An Optionless Choice
A rich, old man with no offspring decides to hold a competition to determine who should get his inheritance. He summons all the poor people in the locality, and gives each one a seed. “Plant this seed and nurture it. In one year, bring back the flower that grows from it. Whoever brings me the most beautiful flower is capable of nurturing my wealth, and will, therefore, inherit it.”
One young woman plants her seed in a pot and waters it every day, but nothing grows out of it. At the end of the year, she is devastated. However, on the day set for inspection, she picks up her pot and carries it to the old man.
All the other competitors bring colourful, vibrant flowers, but the old man only glances at them. He walks straight to the young lady and smiles. “All the seeds I gave were dead. Only you were honest enough to bring back the original seed I gave you. You will handle my wealth responsibly.”
Sometimes, it is difficult to be honest. Yet, idealism is the right approach.
The woman puts the inherited wealth to good use by opening a hospital for the poor. As fate would have it, the woman falls terribly ill and is admitted in her own hospital. Her roommate, sadly, is a teenager battling a life-threatening disease and is bed-ridden for several months. The treatment has taken a toll on the youngster’s mind, and she has lost her will to fight any longer.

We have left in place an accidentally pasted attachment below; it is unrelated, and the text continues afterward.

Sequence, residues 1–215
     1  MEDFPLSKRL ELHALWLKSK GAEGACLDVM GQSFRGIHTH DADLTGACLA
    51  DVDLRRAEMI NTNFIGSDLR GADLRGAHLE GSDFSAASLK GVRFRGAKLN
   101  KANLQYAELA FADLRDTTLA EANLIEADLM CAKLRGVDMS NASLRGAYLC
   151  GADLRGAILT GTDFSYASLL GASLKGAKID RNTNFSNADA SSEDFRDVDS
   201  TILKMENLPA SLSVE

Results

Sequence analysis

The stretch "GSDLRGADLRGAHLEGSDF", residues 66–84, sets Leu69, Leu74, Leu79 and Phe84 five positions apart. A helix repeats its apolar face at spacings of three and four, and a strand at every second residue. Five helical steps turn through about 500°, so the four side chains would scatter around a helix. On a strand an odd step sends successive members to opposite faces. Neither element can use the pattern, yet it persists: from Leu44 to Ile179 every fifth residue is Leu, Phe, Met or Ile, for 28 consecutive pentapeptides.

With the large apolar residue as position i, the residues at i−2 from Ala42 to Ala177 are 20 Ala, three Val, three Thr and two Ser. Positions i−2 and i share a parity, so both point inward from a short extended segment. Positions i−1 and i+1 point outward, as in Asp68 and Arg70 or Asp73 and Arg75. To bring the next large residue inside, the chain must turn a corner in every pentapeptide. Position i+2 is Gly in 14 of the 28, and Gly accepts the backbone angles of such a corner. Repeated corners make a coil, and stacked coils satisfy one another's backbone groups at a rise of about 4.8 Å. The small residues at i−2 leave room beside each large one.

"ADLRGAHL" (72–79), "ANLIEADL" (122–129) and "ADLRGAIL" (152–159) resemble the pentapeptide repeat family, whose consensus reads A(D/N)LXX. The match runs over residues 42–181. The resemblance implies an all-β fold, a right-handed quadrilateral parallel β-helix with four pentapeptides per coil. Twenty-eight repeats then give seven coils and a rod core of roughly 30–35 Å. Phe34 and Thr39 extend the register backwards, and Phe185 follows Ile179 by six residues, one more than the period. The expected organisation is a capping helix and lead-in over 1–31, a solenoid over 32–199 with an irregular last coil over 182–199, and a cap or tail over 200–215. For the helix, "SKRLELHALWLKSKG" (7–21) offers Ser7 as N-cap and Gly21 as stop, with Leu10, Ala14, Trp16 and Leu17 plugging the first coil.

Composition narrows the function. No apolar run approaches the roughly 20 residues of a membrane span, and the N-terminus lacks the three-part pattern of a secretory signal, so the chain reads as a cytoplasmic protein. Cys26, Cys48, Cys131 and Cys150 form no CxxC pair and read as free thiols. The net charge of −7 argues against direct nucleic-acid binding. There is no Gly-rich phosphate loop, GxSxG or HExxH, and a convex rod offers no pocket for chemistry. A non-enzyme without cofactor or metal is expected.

The woman’s bed is next to the room’s only window. All day long, she peeps outside the window curtain, and diverts the youngster’s mind by describing everything that she sees—beautiful sunsets, lush green gardens, and the hustle-bustle of people. The teenager grows very fond of the young woman, and excitedly looks forward to the narrations of the outside world.
In a twist of fate, the teenager has a miraculous recovery while the young woman succumbs to her disease. On the day of her discharge, the heartbroken teenager opens the curtains of the window to admire the view she had heard so many stories about. And all she finds is a bare wall!
Sometimes, it is easy to be honest. Yet, realism is the right approach.
The same woman. Exhibiting contradictory traits—idealism and realism. Still, both of her traits are equally lovable. Why?
Because her clashing approaches are bound by the same motive: to keep others’ interests above her own. In the first incident, she wants to honour the intention of the old man. In the second incident, she wants to ignite the aspirations of the sick youngster.
Our approach is a matter of a choice. Our motive, however, is a matter of our character.